Torus palatinus is a harmless, painless bony growth located on the roof of the mouth (the hard palate). The mass appears in the middle of the hard palate and can vary in size and shape.
While torus palatinus doesn’t usually cause any pain or physical symptoms, it can have the following characteristics:
- It’s located in the middle of the roof of your mouth.
- It varies in size, from smaller than 2 millimeters to larger than 6 millimeters.
- It can take on a variety of shapes — flat, nodular, spindle-shaped — or appear to be one connected cluster of growths.
- It’s slow growing. It typically begins in puberty but may not become noticeable until middle age. As you age, the torus palatinus stops growing and in some cases, may even shrink, thanks to the body’s natural resorption of bone as we get older.
Researchers aren’t exactly sure what causes torus palatinus, but they strongly suspect it may have a genetic component such that a person with torus palatinus might pass the condition on to their children.
Other possible causes include:
- Diet. Researchers studying torus palatinus note that it’s most prevalent in countries where people consume a large amount of saltwater fish — countries like Japan, Croatia, and Norway, for instance. Saltwater fish contain a high amount of polyunsaturated fats and vitamin D, two important nutrients for bone growth.
- Teeth clenching/grinding. Some researchers believe there is a connection between the pressure placed on bony structures in the mouth when you grind and clench your teeth. However, others disagree.
- Having increased bone density. While acknowledging more study is needed, researchers found that white postmenopausal women with a moderate-to-large torus palatinus were more likely than others to also have normal-to-high bone density.
If the torus palatinus is big enough, you’ll feel it. But if it’s small and you have no symptoms, it’s often something a dentist will find during a routine oral exam.
Is it cancer?
You should have any growth on your body investigated, but oral cancer is rare, occurring in just 0.11 percent of men and 0.07 percent of women. When oral cancer does occur, it’s usually seen on the soft tissues of the mouth, such as the cheeks and tongue.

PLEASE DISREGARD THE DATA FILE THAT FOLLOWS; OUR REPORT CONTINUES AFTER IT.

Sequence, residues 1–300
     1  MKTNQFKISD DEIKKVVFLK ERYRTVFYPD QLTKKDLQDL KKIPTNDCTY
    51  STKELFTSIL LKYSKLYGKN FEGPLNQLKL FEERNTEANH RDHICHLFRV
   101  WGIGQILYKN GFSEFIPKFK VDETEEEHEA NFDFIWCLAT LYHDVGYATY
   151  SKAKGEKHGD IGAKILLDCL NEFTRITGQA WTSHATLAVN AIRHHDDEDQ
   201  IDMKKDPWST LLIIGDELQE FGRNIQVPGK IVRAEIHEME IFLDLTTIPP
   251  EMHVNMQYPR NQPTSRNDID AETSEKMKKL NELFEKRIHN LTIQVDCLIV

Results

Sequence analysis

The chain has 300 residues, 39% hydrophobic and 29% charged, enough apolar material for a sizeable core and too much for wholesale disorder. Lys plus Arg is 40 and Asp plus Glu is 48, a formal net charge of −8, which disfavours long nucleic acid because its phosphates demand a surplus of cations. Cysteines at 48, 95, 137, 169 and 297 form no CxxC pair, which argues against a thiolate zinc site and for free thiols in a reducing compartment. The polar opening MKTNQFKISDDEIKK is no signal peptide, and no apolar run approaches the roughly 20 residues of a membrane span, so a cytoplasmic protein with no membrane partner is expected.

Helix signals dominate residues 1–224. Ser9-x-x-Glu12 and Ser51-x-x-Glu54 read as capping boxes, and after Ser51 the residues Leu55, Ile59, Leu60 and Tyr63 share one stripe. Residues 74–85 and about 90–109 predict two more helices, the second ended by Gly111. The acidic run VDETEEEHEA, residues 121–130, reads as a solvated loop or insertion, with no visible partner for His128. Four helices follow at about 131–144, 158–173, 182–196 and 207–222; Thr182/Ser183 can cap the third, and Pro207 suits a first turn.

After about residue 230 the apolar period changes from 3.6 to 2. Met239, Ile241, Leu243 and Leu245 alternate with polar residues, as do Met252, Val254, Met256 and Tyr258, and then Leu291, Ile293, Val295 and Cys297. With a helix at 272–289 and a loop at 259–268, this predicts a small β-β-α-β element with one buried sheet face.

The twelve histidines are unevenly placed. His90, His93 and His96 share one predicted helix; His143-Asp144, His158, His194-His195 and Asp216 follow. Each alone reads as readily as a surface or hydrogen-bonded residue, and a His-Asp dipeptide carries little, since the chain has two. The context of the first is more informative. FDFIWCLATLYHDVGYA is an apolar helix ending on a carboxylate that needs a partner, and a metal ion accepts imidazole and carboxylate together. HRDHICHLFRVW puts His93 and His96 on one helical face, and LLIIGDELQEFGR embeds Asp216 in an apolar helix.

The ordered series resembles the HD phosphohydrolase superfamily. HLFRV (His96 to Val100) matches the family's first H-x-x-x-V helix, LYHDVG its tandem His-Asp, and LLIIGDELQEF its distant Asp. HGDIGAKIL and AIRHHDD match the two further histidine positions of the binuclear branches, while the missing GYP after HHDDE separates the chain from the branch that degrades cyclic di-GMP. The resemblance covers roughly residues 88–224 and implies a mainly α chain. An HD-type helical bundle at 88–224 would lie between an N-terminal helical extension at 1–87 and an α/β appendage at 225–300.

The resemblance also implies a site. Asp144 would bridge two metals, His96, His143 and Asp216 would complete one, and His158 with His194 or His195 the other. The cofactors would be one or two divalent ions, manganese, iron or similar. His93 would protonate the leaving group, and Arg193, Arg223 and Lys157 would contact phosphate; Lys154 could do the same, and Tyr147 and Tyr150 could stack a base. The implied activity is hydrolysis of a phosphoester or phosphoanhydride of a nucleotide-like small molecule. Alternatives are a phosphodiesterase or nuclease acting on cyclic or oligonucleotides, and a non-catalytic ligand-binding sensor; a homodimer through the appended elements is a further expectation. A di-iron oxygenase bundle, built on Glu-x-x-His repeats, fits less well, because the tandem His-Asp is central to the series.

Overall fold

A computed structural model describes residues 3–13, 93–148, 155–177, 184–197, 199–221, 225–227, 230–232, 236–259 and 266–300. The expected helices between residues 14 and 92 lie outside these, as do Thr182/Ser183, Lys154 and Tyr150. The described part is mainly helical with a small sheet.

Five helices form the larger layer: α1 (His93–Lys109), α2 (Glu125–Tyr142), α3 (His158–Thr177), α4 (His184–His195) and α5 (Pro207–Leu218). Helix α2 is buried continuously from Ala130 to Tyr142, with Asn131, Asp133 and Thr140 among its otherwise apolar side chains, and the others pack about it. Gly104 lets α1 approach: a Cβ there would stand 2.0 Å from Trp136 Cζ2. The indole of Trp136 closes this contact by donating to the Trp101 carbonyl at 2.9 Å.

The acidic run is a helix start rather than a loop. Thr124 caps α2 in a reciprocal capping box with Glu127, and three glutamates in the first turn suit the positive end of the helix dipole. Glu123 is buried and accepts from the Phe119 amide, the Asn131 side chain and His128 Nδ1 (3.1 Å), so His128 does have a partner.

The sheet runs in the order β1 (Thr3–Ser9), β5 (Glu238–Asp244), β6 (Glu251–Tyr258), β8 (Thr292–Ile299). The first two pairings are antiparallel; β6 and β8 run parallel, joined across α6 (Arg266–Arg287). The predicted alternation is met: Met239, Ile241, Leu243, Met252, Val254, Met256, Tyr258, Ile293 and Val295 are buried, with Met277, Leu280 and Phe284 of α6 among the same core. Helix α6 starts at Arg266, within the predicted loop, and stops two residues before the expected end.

Still, your doctor may want to use a CT scan to image the torus palatinus to rule out cancer.
Treatment for torus palatinus isn’t usually recommended unless it’s impacting your life in some way. Surgery — the most common treatment — may be suggested if the bony growth is:
- making it difficult to properly fit you with dentures.
- so large it interferes with eating, drinking, speaking, or good dental hygiene.
- protruding to such a degree that you scratch it when you chew on hard foods, like chips. There are no blood vessels in the torus palatinus, so when it’s scratched and cut, it can be slow to heal.
Surgery can be performed under a local anesthetic. Your surgeon will typically be a maxillofacial surgeon — someone who specializes in neck, face, and jaw surgery. They’ll make an incision down the middle of the hard palate and remove the excess bone before closing the opening with sutures.
The risk of complications with this surgery is low, but problems can occur. They include:
- nicking the nasal cavity
- infection, which can occur when you expose tissue
- excessive bleeding
- reaction to the anesthesia (rare)
Recovery usually takes 3 to 4 weeks. To help minimize discomfort and speed healing, your surgeon may suggest:
- taking prescribed pain medication
- eating a soft diet to help avoid opening the sutures
- rinsing your mouth with salt water or an oral antiseptic to cut down on the risk of infection
Whenever you notice a lump anywhere on your body, get it checked out. It’s important to rule out something serious, like cancer.
But, in general, torus palatinus is a relatively common, pain-free, and benign condition. Many people lead healthy, normal lives despite a torus palatinus growth.
However, if the mass interferes with your life in any way, surgical removal is a successful and fairly uncomplicated treatment option.